If the measurement levels were presented as mean or median with range or IQR, they were converted to mean ± SD according to the methods by Wan et al. (14). Study-specific standardized mean differences (SMD) and the corresponding 95% CI were pooled by the Inverse Variance method to evaluate the effects of MetS on selected parameters. A random-effects model was used as the pooling method, which considered both within-study and between-study variation. The heterogeneity among studies was estimated by Q test and I2 statistic, and I2 > 50% represented substantial heterogeneity (15). Egger's test was used to detect publication bias (16). Sensitivity analysis was conducted to estimate the stability of the meta-analysis by omitting one study at a time during repeated analyses. Subgroup analysis was conducted on the study cohorts [including fertile cohort, infertile cohort, and the general cohort (not specified)], ethnicity and study area (from developed or developing area) to evaluate the effects of potential confounding factors on the primary results. Statistical analyses were performed using Review Manager 5.3 (RevMan, The Nordic Cochrane Center, The Cochrane Collaboration), and Egger's test was realized with software STATA version 12.0 (StataCorp LP, College Station). P < 0.05 was considered statistically significant.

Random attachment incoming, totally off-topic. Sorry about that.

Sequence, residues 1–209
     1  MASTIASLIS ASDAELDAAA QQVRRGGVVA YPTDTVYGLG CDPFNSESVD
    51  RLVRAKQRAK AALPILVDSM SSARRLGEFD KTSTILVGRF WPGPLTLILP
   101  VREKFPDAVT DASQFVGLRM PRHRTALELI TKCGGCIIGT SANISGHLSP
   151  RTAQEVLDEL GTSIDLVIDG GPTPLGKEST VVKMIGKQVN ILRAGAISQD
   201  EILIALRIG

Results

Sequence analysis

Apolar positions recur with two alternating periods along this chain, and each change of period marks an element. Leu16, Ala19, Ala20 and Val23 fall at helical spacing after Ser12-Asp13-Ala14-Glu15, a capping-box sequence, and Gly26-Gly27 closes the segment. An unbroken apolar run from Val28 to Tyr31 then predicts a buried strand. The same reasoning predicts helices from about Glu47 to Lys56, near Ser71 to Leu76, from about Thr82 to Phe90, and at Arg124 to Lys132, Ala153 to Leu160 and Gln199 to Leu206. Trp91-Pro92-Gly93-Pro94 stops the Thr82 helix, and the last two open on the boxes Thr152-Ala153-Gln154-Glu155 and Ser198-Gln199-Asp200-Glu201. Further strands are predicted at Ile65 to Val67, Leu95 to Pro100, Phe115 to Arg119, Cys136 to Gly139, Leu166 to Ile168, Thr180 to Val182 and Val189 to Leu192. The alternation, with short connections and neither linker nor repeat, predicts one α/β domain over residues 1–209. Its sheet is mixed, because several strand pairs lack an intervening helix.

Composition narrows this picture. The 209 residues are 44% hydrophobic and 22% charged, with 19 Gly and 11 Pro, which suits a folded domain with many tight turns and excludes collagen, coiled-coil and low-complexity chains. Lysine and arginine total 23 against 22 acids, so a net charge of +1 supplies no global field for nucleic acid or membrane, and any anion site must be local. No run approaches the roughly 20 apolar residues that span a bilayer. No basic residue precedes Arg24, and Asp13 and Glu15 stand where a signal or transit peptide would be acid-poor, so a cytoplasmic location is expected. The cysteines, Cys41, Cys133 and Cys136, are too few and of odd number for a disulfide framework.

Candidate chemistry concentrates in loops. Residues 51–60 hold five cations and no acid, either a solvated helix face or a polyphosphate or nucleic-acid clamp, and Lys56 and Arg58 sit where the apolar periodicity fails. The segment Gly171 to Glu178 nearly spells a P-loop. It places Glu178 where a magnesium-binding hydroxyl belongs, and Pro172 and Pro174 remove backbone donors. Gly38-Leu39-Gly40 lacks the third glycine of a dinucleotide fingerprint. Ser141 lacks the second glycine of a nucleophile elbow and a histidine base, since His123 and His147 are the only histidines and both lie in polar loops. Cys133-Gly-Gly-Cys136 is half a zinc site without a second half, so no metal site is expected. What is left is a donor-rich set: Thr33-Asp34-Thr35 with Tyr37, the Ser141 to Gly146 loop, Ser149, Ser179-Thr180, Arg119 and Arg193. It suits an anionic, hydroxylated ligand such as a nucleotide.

Characteristics of Included Studies
The search strategy identified 5,272 records: 702 from PubMed, 4,554 from Embase, and 16 from other sources (Figure 1). After eliminating duplicated and irrelevant records, 10 recodes (11 studies) were included in the meta-analysis, with a total of 1,731 MetS cases and 11,740 controls (Table 1) (17–26). The research by Ehala-Aleksejev and Punab (19) was based on two cohorts (fertile men and male partners of infertile couples), and thus it was divided into two individual studies. All studies were cross-sectional designed. Four studies focused on infertile cohorts, two on fertile cohorts and five on the general cohort (not specified). Six studies were from Europe, three from Africa and two from Asia. In quality assessment (NOS score 0~9), the included studies had an average score of 6.73 (Table S1).